Finally, I am also very proud that the United States will be the honored country at next year's International Fair in Greece. This historic business and trade exhibition will showcase American technology, enterprise, and innovation on the world stage. We look very much forward to sending a high-level delegation to attend this wonderful event.

Mr. Prime Minister, thank you again for being here today and for your partnership in addressing critical issues facing our countries. I look forward to having many productive discussions with you and to having a very close and warm cooperation on a wide range of shared objectives. We will build upon our foundation of shared history and shared values to pursue a future of security, prosperity, and peace for both your nation and ours.

Mr. Prime Minister, thank you very much. Thank you.

Prime Minister Tsipras. I would like to warmly thank the President of the United States for his hospitality and for his very productive discussions we had today. The friendship between our two countries is very strong, and it's based on our common democratic principles, on the values that we jointly share as peoples.

It is correct that the founders of the United States were inspired by Ancient Greece, and the Greek revolution was inspired by the American Revolution for independence. At the same time, our relationship is based—is also based on a very dynamic diaspora of Greek people here in the U.S., which offers many—have many to offer for both countries.

As we underlined earlier, the Greek-U.S. relationships may be at their best compared to the past since the Second World War when our peoples worked together and fought together shoulder to shoulder against fascism. And I do believe that there are many reasons for this. Today, our strategy is based on mutual respect, and it is fed by the significant support provided by the U.S. to Greece and to the Greek people during the hard times of the economic crisis, support for the exit of Greece from the crisis. And at this point, I would like to just focus a bit.

Greece today fulfills three basic objectives which do not only relate to Greece, but I would say that are of special significance at an international level. First, it is dynamically coming out of a crisis, noting wonderful growth rates, and it's beginning to attract investments and increase its exports, as we see as well from the Greek-U.S. balance of trade. Not—and it's leaving behind not only a crisis, but it's leaving behind the economic model that led to the crisis.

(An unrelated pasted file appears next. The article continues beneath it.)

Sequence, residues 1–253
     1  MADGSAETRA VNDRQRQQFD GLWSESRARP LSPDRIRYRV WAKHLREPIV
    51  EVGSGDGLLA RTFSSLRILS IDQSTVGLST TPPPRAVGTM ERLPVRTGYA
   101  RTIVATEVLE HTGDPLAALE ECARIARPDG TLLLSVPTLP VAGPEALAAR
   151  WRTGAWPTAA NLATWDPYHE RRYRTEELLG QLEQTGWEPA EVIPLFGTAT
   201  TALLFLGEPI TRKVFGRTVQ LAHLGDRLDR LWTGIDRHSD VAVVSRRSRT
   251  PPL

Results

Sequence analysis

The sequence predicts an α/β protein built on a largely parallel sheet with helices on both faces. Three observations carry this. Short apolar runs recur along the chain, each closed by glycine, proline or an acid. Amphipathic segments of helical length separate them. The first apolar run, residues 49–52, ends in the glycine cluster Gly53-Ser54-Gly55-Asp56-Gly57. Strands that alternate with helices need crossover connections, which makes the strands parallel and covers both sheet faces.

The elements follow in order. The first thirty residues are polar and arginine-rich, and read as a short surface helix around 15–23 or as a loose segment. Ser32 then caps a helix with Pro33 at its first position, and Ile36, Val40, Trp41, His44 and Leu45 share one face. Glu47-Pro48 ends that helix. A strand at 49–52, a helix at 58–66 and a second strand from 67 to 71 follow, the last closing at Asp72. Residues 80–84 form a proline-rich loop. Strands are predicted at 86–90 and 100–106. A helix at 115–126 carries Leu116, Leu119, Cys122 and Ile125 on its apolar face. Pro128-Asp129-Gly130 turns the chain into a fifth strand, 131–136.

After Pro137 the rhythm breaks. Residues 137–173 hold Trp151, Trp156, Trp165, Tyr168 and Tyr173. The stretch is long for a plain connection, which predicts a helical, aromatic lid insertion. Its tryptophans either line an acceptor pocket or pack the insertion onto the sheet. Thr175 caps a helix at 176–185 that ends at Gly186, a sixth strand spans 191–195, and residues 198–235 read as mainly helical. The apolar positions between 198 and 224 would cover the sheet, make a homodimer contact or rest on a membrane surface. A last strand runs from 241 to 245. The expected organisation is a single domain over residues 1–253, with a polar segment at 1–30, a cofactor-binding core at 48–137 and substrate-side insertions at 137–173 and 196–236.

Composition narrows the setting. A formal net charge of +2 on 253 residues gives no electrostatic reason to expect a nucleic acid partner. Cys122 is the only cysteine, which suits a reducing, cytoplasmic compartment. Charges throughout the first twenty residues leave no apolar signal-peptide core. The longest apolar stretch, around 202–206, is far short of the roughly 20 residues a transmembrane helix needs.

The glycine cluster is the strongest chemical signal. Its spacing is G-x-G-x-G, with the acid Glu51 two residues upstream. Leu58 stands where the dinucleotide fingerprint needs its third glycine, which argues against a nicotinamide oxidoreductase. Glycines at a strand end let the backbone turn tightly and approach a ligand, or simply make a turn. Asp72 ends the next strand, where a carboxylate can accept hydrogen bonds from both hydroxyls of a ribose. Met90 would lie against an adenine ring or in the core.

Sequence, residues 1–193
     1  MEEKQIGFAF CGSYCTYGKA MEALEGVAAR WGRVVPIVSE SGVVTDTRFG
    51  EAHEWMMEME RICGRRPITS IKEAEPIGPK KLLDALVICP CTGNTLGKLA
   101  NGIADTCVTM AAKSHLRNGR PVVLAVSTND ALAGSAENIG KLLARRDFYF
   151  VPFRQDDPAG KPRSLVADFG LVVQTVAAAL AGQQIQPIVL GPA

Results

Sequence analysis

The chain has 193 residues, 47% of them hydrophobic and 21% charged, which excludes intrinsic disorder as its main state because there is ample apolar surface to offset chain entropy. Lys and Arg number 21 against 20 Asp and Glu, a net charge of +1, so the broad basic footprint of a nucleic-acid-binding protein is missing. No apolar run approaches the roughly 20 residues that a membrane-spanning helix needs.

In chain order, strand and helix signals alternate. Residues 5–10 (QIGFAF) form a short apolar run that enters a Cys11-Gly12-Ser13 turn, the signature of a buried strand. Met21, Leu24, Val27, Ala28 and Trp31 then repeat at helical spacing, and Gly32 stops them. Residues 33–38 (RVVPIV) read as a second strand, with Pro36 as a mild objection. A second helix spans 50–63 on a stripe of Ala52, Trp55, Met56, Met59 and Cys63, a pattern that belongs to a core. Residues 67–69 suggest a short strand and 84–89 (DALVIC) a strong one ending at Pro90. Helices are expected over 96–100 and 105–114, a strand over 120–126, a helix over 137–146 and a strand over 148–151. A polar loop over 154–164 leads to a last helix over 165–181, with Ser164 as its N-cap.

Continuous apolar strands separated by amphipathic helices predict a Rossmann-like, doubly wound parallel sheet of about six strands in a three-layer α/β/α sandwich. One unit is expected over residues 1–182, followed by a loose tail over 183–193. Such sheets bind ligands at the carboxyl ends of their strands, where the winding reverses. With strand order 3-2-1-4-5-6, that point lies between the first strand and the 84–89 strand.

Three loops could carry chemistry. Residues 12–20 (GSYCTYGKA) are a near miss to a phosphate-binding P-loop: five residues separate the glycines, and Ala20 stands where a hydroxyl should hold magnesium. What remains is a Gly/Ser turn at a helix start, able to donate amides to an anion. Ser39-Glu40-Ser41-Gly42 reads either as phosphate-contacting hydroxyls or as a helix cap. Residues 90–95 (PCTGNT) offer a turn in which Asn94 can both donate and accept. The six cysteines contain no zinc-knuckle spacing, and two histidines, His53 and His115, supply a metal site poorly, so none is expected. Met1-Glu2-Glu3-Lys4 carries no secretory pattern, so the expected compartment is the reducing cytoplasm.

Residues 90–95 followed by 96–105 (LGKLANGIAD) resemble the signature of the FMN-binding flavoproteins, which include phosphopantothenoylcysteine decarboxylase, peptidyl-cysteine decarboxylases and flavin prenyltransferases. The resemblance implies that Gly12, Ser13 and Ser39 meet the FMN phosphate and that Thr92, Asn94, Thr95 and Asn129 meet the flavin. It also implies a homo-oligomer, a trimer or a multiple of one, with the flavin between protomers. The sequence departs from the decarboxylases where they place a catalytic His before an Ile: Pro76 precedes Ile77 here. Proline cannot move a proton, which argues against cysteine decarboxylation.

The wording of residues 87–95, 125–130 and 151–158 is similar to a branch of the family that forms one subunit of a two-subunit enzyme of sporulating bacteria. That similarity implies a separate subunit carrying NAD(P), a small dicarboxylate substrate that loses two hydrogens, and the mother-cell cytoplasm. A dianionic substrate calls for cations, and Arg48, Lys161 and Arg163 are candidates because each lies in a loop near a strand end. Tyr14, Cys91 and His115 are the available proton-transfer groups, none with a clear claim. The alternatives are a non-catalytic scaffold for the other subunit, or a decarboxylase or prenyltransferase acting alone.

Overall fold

Second, Greece today is the most significant pillar of security and cooperation in one of the most important—but at the same time, unstable, sensitive—areas of the planet: a country with a dynamic, multidimensional foreign policy; a country which is a reliable partner and ally of the United States, which fulfills its NATO obligations. And it is in close cooperation in the defense sector with the United States. It's a country which maintains the dialogue with Turkey despite the difficulties that we face and the challenges, but knowing the very important European course of Turkey. It's a country, also, that promotes cooperation in the Middle East and the Balkans, which contribute to the security and the growth of the area.

And third, Greece, being already pretty strong in maritime and tourism, is gradually becoming a significant crossroads for transportation and energy. I would like to mention the completion of the TAP pipeline and the EastMed pipeline; the agreement for a floating—for an LNG station in Alexandroupolis, which is northeast Greece, and the prospect that Alexandroupolis will be an area where we can receive exports—imports from the United States of fracking.